A cave in the Mendip Hills in southwest England has been revealed as the earliest scientifically dated cemetery in Britain.
The age of the cemetery makes it an important European site
The site at Aveline's Hole, near Burrington Combe, contained human bone fragments that have now been confirmed to be between roughly 10,200 and 10,400 years old.
Not strictly about Aveline's Hole, but about another cave also in Burrington Combe:
[...the cave] locally known by the name of Goatchurch. Like all the other large caverns in the district, it has its legends. The dwellers in the neighbourhood, who have never cared to explore its recesses, will tell you that a certain dog, put in here, found its way out after many days at Wookey Hole, having lost all its hair in scrambling through the narrow passages. At Cheddar the same legend is appropriated to the Cheddar cave. At Wookey the dog is said to have travelled back to Cheddar.
'Cave Hunting' by W Boyd Dawkins, Macmillan's Magazine, October 1870.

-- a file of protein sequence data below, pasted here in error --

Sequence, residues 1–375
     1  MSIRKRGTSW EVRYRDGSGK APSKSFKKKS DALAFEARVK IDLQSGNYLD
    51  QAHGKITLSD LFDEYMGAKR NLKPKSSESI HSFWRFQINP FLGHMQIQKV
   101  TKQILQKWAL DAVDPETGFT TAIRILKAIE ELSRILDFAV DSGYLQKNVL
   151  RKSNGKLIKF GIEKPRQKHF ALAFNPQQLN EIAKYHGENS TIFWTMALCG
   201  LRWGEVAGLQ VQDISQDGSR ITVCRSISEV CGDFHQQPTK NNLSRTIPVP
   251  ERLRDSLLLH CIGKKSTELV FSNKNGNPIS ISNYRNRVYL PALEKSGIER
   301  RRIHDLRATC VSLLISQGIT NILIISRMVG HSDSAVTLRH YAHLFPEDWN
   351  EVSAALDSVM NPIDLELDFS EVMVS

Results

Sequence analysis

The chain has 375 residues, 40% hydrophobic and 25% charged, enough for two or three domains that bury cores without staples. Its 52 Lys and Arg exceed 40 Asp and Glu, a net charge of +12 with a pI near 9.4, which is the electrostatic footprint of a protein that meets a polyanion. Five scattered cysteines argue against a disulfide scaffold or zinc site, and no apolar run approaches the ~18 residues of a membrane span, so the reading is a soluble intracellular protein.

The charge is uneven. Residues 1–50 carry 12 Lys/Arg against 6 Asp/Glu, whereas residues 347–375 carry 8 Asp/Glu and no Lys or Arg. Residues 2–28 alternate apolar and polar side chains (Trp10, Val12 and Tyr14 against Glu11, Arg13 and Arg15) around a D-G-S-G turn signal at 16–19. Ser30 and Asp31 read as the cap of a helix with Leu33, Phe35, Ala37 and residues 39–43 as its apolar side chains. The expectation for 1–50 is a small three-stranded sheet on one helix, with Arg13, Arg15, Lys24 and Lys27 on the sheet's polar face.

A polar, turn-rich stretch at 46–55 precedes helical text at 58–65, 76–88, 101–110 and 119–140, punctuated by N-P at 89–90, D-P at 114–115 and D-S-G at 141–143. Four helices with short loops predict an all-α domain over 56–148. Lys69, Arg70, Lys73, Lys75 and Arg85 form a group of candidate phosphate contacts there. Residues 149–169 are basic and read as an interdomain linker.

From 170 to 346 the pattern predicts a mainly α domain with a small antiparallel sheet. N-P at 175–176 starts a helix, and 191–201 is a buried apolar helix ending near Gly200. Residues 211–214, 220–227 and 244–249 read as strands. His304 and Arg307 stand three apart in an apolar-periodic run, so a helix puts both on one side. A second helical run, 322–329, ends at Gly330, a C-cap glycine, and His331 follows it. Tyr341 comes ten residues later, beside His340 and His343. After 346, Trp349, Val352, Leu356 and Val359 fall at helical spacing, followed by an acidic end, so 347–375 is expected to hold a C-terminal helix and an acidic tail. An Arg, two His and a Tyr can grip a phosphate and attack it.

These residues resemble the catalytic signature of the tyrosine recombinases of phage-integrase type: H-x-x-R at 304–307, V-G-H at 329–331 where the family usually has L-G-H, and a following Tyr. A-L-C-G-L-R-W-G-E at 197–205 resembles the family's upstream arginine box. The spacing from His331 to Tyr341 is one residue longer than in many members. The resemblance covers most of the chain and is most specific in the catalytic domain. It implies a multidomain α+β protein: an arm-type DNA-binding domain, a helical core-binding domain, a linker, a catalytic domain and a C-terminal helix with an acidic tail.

In 2003 some scratches were found in Goatchurch Cavern. You can see a photo at the fascinating Apotropaios website. It's been suggested that they're 'ritual protection marks' and an invocation to the Virgin Mary - maybe to do with the fact that the local caves were seen to be entrances to Unpleasantness and to be avoided.
A gate has been installed in the cave to protect the engraving, after consultations between English Heritage and other interested parties, including the landowner and English Nature. Also note that no visits will be possible until bat hibernation season is over.
Experts have just declared Aveline's Hole to be "Britains oldest cemetery". a study of over 800 bone fragments found about 100 years ago have revealed that they are about 10,400 years old. Included amongst the bones is one that show signs of osteoarthritis, the oldest case on record.
This obvious cave, just up the road from "The Rock Of Ages" was found in 1797 by two men following a rabbit. A small excavation found several human skeletons inside placed on the cave floor. In 1919-27 the University of Bristol Speleological Society more or less cleared the cave and found that the deposits dated from the Late Paleolithic (Cresswellian).